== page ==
Dr Theo Papadopoulos
Dr Papadopoulos is a comparative political sociologist based at the University of Bath’s Department of Social & Policy Sciences. His recent research includes publications on the neoliberal character of EU’s economic governance as well as the politics and socio-economic impact of austerity in Greece and other southern EU countries.
Callum Cockbill is an ESRC-Funded MRes student in the field of Global Political Economy at the University of Bath. Principally, his academic research is dedicated to the investigation of the political and economic imperatives and the ideational and discursive power relations that are inherent to the development and implementation of technological innovations in advanced capitalist societies.
Josie Hooker is an ESRC-Funded PhD Candidate, Global Political Economy Pathway, University of Bath. Her academic work is rooted in the political practices and collective strategic and theoretical reflections of the grassroots struggles of those at the sharp end of crisis. Her PhD explores feminist, decolonial and class perspectives on urban movements against and beyond precarity in the context of crisis and austerity in Barcelona.
María José Ventura Alfaro
María José Ventura Alfaro is an ESRC-funded PhD student in the field of Development Studies, Department of Social and Policy Sciences, University of Bath. Her research offers a feminist analysis of the contemporary violence against women or Feminicide and social movements’ action in contemporary Mexico.
Adrian Burgess is a PhD Candidate, Social and Policy Sciences, University of Bath. By drawing on the conceptual framework of Pierre Bourdieu, he explores working class millennials aspirations for adult life in advanced neoliberalism to theorise the process of coming of age under austerity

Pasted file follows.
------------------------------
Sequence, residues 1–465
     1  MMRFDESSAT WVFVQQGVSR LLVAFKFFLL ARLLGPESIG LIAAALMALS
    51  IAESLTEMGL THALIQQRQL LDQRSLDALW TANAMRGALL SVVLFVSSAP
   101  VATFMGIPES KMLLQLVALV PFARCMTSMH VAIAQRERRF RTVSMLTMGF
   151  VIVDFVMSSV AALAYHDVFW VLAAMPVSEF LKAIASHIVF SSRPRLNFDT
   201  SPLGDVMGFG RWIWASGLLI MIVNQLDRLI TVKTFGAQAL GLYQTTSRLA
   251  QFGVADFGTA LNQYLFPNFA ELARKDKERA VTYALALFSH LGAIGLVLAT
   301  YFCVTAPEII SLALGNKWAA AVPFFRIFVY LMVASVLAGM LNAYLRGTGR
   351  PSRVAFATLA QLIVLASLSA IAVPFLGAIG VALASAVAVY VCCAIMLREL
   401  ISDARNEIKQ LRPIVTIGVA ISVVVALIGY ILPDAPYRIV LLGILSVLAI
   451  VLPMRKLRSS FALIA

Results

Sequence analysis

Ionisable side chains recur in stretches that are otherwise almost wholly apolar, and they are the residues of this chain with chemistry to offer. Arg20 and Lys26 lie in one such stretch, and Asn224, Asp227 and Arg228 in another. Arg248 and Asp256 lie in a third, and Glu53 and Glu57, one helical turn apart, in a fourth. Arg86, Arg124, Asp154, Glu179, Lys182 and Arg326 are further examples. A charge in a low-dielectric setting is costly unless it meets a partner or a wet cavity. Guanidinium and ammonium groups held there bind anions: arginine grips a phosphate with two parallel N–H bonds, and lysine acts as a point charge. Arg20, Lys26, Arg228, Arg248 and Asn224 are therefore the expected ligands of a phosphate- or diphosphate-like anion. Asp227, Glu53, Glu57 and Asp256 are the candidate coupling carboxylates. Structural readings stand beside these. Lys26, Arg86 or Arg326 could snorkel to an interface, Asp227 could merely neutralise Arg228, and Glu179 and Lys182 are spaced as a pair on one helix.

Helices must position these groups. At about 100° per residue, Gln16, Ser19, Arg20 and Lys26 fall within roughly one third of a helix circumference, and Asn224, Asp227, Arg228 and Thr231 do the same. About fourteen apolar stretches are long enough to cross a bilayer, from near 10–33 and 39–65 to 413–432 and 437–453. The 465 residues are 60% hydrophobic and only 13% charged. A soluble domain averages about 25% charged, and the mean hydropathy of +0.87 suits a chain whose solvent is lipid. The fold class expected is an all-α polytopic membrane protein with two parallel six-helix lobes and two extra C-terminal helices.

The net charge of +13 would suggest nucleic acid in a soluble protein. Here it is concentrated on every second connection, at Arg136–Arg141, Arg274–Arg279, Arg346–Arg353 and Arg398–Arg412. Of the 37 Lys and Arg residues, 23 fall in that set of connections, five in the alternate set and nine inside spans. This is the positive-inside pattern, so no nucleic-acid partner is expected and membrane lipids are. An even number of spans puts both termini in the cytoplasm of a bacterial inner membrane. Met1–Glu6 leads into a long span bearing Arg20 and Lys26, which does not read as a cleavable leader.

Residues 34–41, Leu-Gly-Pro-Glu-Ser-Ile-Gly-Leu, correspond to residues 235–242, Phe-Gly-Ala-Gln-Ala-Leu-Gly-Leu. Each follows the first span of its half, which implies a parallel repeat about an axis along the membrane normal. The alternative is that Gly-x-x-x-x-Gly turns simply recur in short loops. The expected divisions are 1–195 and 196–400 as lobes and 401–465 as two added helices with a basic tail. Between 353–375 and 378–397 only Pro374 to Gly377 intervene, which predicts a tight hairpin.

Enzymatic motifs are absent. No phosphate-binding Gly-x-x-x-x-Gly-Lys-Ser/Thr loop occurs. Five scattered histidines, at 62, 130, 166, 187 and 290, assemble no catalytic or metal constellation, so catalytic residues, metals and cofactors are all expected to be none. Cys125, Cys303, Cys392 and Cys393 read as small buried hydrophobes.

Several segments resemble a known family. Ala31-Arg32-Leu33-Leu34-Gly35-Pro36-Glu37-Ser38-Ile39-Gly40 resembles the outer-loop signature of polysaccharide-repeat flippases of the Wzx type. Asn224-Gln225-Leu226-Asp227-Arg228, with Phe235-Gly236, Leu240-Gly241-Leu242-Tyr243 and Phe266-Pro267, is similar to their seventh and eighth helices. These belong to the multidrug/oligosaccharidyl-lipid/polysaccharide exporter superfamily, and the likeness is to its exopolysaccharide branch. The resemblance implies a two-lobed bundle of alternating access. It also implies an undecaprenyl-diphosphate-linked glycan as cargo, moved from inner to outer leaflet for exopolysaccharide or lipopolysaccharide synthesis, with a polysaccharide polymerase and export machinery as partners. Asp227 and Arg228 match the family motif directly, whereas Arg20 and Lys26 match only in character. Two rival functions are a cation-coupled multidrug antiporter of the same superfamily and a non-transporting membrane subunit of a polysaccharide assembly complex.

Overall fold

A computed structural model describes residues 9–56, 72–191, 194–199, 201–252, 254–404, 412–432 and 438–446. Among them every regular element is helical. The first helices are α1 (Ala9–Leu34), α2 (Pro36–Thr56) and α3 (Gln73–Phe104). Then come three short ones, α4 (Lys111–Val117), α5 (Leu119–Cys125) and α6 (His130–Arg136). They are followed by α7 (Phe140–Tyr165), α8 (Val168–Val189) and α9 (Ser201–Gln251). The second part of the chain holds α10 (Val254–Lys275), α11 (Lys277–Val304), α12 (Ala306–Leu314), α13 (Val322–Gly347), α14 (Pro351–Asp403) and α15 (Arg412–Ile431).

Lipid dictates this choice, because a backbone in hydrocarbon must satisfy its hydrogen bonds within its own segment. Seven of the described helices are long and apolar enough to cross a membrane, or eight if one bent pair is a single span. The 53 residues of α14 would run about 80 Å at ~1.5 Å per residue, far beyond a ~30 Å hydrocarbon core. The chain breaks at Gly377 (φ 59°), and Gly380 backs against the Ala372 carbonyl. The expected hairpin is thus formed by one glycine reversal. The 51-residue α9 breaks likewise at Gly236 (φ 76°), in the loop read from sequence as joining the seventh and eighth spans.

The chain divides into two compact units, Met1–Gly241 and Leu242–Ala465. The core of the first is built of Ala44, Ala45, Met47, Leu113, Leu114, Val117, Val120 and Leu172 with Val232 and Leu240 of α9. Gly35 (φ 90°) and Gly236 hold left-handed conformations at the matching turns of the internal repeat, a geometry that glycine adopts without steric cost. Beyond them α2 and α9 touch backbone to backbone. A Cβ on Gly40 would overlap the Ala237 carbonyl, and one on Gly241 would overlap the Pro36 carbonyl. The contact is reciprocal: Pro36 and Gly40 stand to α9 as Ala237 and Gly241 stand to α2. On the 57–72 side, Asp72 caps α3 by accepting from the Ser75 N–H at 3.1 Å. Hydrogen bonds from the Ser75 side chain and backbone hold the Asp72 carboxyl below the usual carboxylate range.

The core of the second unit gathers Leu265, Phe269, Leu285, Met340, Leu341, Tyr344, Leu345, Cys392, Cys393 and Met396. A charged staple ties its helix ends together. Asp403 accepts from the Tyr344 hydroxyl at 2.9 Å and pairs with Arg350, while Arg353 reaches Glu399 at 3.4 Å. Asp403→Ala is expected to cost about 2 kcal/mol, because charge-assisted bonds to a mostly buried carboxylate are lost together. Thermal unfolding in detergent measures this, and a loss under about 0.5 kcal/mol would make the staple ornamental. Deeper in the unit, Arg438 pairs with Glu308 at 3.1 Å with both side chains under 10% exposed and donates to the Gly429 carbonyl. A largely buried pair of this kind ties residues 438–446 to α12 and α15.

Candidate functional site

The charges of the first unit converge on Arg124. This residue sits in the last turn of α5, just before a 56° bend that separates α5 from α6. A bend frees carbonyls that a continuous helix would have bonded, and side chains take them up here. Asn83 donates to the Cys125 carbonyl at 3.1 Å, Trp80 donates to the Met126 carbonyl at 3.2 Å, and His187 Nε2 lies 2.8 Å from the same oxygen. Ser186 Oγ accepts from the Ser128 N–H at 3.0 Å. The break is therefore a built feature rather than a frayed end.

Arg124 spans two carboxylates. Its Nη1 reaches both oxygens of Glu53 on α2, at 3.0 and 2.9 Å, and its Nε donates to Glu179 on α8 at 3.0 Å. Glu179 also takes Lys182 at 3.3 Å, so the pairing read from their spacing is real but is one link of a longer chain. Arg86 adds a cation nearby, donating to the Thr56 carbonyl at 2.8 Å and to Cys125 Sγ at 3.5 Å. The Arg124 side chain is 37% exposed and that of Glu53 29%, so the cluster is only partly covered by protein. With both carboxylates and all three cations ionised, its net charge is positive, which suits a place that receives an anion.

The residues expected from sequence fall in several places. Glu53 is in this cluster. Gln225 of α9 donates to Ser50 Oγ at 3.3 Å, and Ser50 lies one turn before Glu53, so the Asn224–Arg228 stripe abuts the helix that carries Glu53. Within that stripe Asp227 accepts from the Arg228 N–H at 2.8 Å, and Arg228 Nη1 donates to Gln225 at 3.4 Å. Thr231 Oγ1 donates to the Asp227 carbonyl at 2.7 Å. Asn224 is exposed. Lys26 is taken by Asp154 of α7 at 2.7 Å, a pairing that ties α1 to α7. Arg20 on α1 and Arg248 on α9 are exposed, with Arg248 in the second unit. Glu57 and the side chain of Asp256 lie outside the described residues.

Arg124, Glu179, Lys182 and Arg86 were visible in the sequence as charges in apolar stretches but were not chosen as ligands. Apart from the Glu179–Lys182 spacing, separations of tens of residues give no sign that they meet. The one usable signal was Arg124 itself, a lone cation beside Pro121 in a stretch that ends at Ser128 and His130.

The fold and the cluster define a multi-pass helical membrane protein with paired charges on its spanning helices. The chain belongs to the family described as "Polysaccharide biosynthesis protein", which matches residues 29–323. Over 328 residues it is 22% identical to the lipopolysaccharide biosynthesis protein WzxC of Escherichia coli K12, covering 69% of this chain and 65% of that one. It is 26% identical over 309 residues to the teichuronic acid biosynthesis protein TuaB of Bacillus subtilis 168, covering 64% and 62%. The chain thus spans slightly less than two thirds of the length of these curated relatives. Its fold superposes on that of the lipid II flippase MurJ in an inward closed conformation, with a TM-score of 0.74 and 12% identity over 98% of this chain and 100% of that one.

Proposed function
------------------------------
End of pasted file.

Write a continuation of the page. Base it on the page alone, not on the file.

Dr Luisa Enria
Dr Enria is a lecturer at the University of Bath. She holds a PhD in International Development from the University of Oxford and is a Research Affiliate at the Oxford School of Anthropology and Museum Ethnography.
Her research aims to produce ethnographic accounts of how people experience, engage with and resist development and humanitarian interventions in their daily lives. Her book, The Politics of Work in a Post-Conflict State: Youth, Labour and Violence in Sierra Leone, was published in July 2018.
Kalyan Kumar has recently been awarded the Outstandingly Young Career Paper Award at CIES conference, San Francisco. He is an ESRC funded PhD Candidate, in Advanced Quantitative Methods in Social Sciences, in the Departments of Social and Policy Sciences and of Education, University of Bath.
His PhD examines the accountability & learning outcomes in Indian School Education System. He aims to investigate how accountability processes, in different contexts, effect student achievement rates and how these affects are distributed across various socio-economic categories.
Tara Jessop / Research and administrative support.
(Department of Social and Policy Sciences)